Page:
Putting fraud under the political spotlight

Added by Chris Pateman | Monday 31st October 2016

If you're a business owner, and you’re thinking about upgrading your comms, what’s the biggest sales objection your supplier has to overcome?  It always used to be uncertainty about the benefits, fear of disruption during the installation process or concern about the ability to scale up (or down) to meet future business demands.  Today, it’s fear of cybercrime.

For CPs, too, fraud is now the number one issue.  The industry, after all, has tried and trusted ways to manage customer expectations in the event Openreach reports a missed appointment.  But nothing quite screws up your relationship with a customer like coming in after a bank holiday and discovering he’s just racked up £30,000 of calls to Palestinian premium-rate services.

But how to draw these issues – and the industry’s self-help responses – to the attention of policy-makers? 

One way is to make FCS part of a much larger voice, addressing everything from scams on vulnerable pensioners or hooky ‘customer not present’ credit card transactions to dodgy-sounding insurance claims for lost mobile phones.  That way, the politicians see us as part of the solution to the larger problem, rather than a lone voice around a specific body of concerns.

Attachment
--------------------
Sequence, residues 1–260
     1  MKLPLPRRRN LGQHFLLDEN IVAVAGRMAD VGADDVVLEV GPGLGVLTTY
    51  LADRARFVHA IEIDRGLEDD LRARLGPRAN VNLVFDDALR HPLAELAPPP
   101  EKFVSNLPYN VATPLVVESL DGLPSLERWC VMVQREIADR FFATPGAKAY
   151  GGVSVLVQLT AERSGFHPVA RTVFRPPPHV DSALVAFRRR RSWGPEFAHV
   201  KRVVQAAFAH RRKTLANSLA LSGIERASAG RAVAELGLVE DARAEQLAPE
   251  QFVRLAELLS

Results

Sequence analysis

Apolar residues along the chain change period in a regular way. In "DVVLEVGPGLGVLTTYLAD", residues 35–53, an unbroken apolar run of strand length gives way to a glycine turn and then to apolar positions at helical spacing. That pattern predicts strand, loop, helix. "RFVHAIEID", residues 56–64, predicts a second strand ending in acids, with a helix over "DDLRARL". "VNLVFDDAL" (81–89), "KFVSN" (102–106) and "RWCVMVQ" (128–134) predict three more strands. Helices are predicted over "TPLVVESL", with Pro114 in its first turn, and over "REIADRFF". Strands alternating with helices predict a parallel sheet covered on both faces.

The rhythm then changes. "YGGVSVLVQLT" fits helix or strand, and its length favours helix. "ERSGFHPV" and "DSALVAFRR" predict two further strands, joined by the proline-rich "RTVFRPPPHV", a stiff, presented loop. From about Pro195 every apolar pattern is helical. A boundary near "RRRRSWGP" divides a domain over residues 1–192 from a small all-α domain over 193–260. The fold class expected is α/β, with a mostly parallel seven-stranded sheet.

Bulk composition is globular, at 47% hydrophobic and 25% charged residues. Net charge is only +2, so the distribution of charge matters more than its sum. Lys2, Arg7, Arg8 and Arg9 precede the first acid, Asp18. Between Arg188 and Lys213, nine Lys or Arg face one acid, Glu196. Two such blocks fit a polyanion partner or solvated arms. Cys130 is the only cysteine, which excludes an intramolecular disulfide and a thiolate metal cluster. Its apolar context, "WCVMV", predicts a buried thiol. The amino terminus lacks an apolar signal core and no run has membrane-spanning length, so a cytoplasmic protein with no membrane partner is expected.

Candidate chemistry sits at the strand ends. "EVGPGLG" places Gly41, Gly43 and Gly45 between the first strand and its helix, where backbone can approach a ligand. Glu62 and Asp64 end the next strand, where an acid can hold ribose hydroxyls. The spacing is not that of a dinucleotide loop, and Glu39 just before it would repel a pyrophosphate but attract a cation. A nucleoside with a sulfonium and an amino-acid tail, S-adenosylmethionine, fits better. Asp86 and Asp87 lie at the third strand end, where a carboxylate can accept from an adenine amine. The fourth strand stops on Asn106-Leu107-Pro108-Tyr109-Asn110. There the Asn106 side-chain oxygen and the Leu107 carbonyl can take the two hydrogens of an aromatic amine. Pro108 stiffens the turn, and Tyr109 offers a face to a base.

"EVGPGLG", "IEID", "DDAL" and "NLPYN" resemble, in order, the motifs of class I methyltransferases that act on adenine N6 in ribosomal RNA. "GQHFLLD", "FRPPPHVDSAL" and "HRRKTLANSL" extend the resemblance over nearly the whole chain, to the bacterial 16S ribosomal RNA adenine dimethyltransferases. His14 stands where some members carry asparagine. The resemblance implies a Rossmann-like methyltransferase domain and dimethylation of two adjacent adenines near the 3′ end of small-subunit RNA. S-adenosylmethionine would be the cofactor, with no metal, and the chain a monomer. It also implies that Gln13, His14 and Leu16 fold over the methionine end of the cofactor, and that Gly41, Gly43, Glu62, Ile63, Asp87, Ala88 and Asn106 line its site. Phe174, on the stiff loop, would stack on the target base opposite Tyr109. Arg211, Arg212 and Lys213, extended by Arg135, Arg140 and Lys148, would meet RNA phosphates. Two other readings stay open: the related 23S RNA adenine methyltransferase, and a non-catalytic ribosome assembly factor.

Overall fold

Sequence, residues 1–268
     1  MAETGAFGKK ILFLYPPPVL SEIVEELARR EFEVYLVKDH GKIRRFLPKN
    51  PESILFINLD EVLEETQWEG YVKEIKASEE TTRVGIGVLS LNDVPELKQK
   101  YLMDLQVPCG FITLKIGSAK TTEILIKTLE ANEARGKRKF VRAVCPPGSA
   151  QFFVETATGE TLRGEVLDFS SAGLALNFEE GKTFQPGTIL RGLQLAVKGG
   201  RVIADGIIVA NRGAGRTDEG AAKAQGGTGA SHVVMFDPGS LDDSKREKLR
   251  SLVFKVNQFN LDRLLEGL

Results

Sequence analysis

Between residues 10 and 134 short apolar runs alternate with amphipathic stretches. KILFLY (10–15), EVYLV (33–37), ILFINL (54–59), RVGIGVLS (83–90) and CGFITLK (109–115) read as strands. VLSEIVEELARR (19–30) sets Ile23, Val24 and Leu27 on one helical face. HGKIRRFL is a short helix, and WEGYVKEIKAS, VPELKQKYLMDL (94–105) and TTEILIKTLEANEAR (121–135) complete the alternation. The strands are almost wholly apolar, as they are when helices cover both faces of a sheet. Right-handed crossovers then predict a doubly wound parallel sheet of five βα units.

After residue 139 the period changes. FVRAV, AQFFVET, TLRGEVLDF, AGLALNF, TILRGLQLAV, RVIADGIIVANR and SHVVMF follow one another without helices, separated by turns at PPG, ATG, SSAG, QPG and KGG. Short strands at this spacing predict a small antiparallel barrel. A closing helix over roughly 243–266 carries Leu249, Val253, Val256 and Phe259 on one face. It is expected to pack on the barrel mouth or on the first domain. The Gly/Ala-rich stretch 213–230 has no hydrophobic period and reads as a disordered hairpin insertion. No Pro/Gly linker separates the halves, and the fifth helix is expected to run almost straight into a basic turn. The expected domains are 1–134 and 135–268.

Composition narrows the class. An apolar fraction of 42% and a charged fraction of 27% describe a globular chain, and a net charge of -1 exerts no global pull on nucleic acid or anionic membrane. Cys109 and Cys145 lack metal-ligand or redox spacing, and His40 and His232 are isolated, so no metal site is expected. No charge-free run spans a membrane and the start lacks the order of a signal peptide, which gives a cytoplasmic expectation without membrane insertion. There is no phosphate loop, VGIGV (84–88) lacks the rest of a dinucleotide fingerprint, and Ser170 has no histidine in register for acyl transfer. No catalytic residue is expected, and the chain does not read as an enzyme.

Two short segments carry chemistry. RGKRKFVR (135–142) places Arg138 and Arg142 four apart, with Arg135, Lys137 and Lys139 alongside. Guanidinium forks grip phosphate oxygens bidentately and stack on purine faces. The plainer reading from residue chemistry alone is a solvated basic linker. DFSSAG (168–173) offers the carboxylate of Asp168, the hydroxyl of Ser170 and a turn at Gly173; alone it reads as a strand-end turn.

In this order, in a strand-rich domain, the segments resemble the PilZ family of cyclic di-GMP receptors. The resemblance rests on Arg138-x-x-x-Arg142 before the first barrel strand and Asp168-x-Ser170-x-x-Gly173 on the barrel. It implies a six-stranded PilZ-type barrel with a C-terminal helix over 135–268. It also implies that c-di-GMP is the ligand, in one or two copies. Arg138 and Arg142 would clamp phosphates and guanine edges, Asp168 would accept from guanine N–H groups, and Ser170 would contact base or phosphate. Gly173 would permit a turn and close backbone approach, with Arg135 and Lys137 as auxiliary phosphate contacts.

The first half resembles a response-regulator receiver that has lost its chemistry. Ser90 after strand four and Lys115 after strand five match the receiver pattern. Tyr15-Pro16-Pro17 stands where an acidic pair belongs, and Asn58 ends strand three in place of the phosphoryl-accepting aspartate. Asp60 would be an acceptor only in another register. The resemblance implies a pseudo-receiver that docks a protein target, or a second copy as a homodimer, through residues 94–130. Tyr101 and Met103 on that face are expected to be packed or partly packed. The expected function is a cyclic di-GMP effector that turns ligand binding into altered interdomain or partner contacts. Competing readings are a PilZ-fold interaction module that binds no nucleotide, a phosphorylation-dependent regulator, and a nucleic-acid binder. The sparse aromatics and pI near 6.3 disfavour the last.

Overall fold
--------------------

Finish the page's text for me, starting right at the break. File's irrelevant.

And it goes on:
That’s the theory, anyway.  What does the road-test look like?

FCS went to the Labour, Conservative and SNP party conferences this year, sharing a Fraud Fringe platform alongside CIFAS, Age UK, Trading Standards, Financial Fraud Action, BBA and the Insurance Fraud Bureau.  You can catch some of the spirit of the sessions from the write-ups and photos on our Fraud Fringe webpage.

FCS’s contributions drew delegates’ attention to three major points:

  • The need for business owners to take responsibility for the security of their own systems.
  • The existence of industry-authored best-practice guidance for new users.
  • The need for government responses which completely transcend the traditional boundaries between ministerial portfolios – it only helps the fraudsters when DCMS doesn’t share experiences with Home Office or Treasury doesn’t track developments at BEIS.  We suggested creating a new Select Committee on the Digital Economy.

Perhaps the most straightforward response came from Scottish Cabinet Secretary for Justice Michael Matheson MSP at our Glasgow fringe.  He pointed out most victims of fraud and scams naturally look for a conventional policing response.  But that this is an entirely different type of crime – one for which the onus, unfortunately, falls on individuals and businesses to prevent themselves from falling victims in the first place.

FCS has long argued that the best way to protect our members from the impact and arguments that follow from defrauded customers is for those customers to have a legal, board-level obligation to take appropriate measures to mitigate against fraud.  And for insurers to insist on sight of their fraud-prevention policy before issuing ‘all risks’ policies.

These are not the kind of arguments we can win quickly, or win by ourselves.  But sharing this kind of platform, and rehearsing these kind of arguments with policy-makers, certainly lubricates the process.